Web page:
PRIVATE SECTOR ENDORSES FUEL SUBSIDY REMOVAL
Nigeria's organised private sector yesterday endorsed Federal Government's decision to fully deregulate the downstream petroleum sector through removal of oil subsidy. The position of the captains of industry was made public at the Presidential Villa, at the end of the two-day presidential retreat with the private sector on economic development and job creation.
This is even as the Chairman of Dangote Group, Aliko Dangote said the private sector involved in the production of goods and services have stopped enjoying subsidy on diesel, low fuel oil and natural gas for the past 10 years, as they have been paying market price.
Dangote also blamed the late President Umar Musa Yar'Adua administration for not implementing the 2008 fuel subsidy removal agreement reached with Labour, adding, however, that is was senseless for government to be borrowing to funding it's projects which was killing the future of Nigerians.
Publisher of Thisday, Nduka Obaigbena, read out the endorsement, which was signed by 42 out of 45 private sector participants.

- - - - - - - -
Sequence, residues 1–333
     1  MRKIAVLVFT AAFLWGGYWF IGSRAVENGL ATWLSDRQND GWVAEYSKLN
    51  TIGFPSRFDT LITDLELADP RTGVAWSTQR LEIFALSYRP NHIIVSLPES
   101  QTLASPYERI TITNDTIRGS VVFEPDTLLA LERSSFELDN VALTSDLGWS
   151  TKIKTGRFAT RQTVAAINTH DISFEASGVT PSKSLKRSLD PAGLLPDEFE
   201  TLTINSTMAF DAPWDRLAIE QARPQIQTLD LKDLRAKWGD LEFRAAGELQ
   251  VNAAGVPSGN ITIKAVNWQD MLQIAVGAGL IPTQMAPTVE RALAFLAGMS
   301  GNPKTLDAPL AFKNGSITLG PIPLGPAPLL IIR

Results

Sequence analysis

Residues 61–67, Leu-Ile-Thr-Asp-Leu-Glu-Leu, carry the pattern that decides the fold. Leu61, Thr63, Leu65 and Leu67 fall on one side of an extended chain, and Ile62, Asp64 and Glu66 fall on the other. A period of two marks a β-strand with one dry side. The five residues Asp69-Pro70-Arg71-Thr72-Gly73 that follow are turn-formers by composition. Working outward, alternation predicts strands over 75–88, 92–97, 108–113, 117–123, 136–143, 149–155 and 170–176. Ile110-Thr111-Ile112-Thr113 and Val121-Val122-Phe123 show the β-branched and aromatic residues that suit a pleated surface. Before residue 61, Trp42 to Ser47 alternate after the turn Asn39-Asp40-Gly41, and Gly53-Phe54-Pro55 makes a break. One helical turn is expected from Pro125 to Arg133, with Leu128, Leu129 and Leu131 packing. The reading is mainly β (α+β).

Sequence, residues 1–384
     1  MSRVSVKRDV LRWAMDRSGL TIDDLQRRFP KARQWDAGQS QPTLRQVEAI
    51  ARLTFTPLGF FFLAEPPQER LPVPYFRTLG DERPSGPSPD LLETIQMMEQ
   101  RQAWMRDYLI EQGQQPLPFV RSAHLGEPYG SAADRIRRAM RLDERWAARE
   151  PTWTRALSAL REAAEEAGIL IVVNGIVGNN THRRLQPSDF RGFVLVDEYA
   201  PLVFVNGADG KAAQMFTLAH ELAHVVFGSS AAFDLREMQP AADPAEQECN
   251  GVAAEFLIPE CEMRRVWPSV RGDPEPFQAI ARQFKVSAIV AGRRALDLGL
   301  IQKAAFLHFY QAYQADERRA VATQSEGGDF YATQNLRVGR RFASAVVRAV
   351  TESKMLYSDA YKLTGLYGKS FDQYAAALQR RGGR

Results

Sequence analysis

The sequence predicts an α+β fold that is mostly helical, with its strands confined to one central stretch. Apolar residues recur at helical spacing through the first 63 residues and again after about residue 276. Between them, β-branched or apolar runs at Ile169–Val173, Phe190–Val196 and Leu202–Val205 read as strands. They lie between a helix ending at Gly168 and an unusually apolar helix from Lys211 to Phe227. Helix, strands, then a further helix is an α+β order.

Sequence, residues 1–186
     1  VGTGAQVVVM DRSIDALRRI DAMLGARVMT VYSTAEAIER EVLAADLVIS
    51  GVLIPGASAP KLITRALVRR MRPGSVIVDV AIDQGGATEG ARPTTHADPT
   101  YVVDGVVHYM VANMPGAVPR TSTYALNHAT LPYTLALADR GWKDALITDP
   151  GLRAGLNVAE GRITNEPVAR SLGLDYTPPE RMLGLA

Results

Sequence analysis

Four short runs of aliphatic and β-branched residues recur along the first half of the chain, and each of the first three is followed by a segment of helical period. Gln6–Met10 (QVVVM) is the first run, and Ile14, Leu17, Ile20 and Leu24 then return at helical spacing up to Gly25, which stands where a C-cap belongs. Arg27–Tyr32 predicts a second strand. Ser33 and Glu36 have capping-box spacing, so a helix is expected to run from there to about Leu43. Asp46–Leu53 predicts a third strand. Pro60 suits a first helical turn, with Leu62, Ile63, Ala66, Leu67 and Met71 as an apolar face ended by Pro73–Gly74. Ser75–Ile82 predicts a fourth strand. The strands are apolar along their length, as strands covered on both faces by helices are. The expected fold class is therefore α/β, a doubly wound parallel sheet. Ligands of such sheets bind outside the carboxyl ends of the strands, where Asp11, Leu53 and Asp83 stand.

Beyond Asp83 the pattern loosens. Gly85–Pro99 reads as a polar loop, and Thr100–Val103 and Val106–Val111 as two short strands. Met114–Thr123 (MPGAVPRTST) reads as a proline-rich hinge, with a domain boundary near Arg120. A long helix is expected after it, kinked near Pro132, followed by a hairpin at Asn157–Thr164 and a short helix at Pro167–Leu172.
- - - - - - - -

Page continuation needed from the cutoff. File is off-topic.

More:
The decisions reached, he said are: 'That the current regimes of subsidies in the pump price of petroleum product is inefficient, corrupt and a waste of scarce national resources.
'That the majority of Nigerian citizens do not enjoy the benefit of the current subsidy of petroleum product today; rather the subsidy itself operate to the benefits of very few beneficiaries.
'That the financial burden of subsidy is unsustainable and untenable in our nation where critical infrastructure, human and capital development are in dear need of investment.'
He said that the group noted: 'That the Federal Government of Nigeria has promised to consult widely with the labour organisation, civil societies and other stakeholders to ensure a high level of engagement on the deregulated regarding the benefit of a deregulated price regime, particularly the impact on the improved livelihood of Nigerians.'
Governor Peter Obi in his remark said: 'Like the private sector has done today, we had done our own. The fuel subsidy is not sustainable. We do not have the funding to sustain such waste. What ever is saved from the removal of subsidy can be applied properly in rebuilding our infrastructure which will eventually bring about turn around in competitiveness doing business in Nigeria and businesses that will employ people will come in.'